Do I think Obama will be a perfect leader? Do I believe that his election will solve the multitude of problems we face both at home and abroad? Of course not. But there is something to be said for hope. I’ll take that over fear and cynicism any day– in my personal life and in the life of this great nation.

Today at 7:49 in the morning on Election Day in America, I am allowing myself to be cautiously hopeful. It feels good.

Marsha Pincus

Marsha Pincus is a post-mid life woman, riding the Age Wave and writing for her life.

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  1. As much as it must pain you, you really have not way of understanding how African Americans in this country feel. While you arent racist or stereotypical, some of what you say is ignorant in that you dont have the knowledge or the experience(you cant because you arent black) to have a proper basis for your statements. Thank you, but you have to be in the struggle to understand the struggle.

  2. Thank you so much for your comment. It really does beg the question — what role have/can white people play/ed in the struggle for equity and social justice? If white people’s race precludes us from understanding, does that mean cross-race dialogs and coalitions are impossible?

    As someone who is imperfect and who tries to learn from others, I hope you take the time to tell me which parts of my post are ignorant and why. Is there any way I can reach a better understanding?

  3. I suppose that the only way would be to get to know an entire community where that race exists. It is not enough to know a few members and help them, because people are products of their environments and without knowledge of that environment and how it works it is almost impossible. Though members of a community may not know exactly what their community is, they dont need to, because they were raised there and it is just something that they feel without thinking. Because you were not raised there, you cannot truly relate because you arent in tune with the community, you cant feel it inside you. many people dont expect others to take them time to do this, which is why they tell them that there is now way for them to help; they dont know the struggle.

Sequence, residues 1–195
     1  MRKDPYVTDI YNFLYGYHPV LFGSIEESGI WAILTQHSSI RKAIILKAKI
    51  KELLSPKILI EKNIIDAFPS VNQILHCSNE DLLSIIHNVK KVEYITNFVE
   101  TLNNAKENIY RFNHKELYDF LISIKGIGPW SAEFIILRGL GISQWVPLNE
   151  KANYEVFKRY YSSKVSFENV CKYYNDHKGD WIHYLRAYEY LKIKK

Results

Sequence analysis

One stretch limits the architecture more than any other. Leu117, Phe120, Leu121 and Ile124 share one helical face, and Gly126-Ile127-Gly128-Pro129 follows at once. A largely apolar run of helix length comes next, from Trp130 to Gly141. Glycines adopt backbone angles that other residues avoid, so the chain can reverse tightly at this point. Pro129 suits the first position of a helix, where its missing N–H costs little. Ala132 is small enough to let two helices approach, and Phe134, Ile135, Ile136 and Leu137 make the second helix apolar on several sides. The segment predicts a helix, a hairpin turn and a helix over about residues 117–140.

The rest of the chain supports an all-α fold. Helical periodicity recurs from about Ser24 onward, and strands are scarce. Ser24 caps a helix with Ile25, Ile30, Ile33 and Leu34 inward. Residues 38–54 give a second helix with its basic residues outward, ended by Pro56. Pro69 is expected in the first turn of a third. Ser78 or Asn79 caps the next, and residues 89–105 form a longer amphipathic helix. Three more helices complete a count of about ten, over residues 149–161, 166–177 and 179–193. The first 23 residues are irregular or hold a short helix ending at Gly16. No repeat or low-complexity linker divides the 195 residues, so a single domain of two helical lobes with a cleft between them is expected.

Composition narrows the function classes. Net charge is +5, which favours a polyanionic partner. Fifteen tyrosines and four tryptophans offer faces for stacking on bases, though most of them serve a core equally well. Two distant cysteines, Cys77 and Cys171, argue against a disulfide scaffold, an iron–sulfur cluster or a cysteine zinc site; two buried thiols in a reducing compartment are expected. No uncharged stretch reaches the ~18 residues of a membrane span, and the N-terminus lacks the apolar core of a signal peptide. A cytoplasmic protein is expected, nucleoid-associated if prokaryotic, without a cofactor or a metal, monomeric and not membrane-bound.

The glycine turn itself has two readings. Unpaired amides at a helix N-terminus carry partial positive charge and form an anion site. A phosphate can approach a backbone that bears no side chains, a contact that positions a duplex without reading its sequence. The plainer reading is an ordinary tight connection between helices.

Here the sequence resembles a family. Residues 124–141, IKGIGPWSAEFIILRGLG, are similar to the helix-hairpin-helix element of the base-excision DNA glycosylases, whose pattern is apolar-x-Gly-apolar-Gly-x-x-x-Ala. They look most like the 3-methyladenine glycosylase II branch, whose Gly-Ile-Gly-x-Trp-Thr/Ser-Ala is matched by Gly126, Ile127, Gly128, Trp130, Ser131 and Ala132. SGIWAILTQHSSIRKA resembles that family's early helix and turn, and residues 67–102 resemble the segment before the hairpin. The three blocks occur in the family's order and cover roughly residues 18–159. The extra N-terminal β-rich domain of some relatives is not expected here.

4. Your comments make me wonder about the role that empathy, compassion and personal human relationships can play in cross racial dialogue and necessary social change. What if everyone started with the premise of “Do unto others as you would have them do unto you?” What if everyone tried to walk in others’ shoes? What if everyone tried to see the world from other people’s perspectives? As a teacher in the African American community for over twenty years, I tried to do that — see the world through my students’ eyes and I tried to listen hard to what they were telling me about their lives and the lives of their families. It was through those exchanges with individuals that I cared about that I came to see at least in a limited way the impact of systemic and institutionalized racism and the effects it still has on housing, employment, education, health care…As a white woman who was raised in a primarily white community, I too was experiencing a particular culture and environment tacitly without being totally conscious or aware of the privileges that went with it. I guess what I am saying is that it was through my relationships with individuals that I cared deeply about that I was awakened to the societal causes and personal ramifications of racism and the way in which I was complicit in that system of inequities if I didn’t do something to combat it. Later in my career, when I taught many young white people who were studying to become teachers, I continued to try to combat racism by opening white students’ eyes to their unearned skin privilege. You can’t address something that you don’t believe that it exists. Does that make any sense?

  5. Makes a lot of sense. The only problem is that by addressing race as an issue you make it more of an issue, its like a lose-lose situation. If people ignored race designation (as they should, it has lost its purpose), and did follow a similar set of morals such as the “Golden Rule”, then we would all be better off. Its hard,as much as it pains me, I really cant tell you what will work, just what wont. Sounds really pessimistic if you ask me.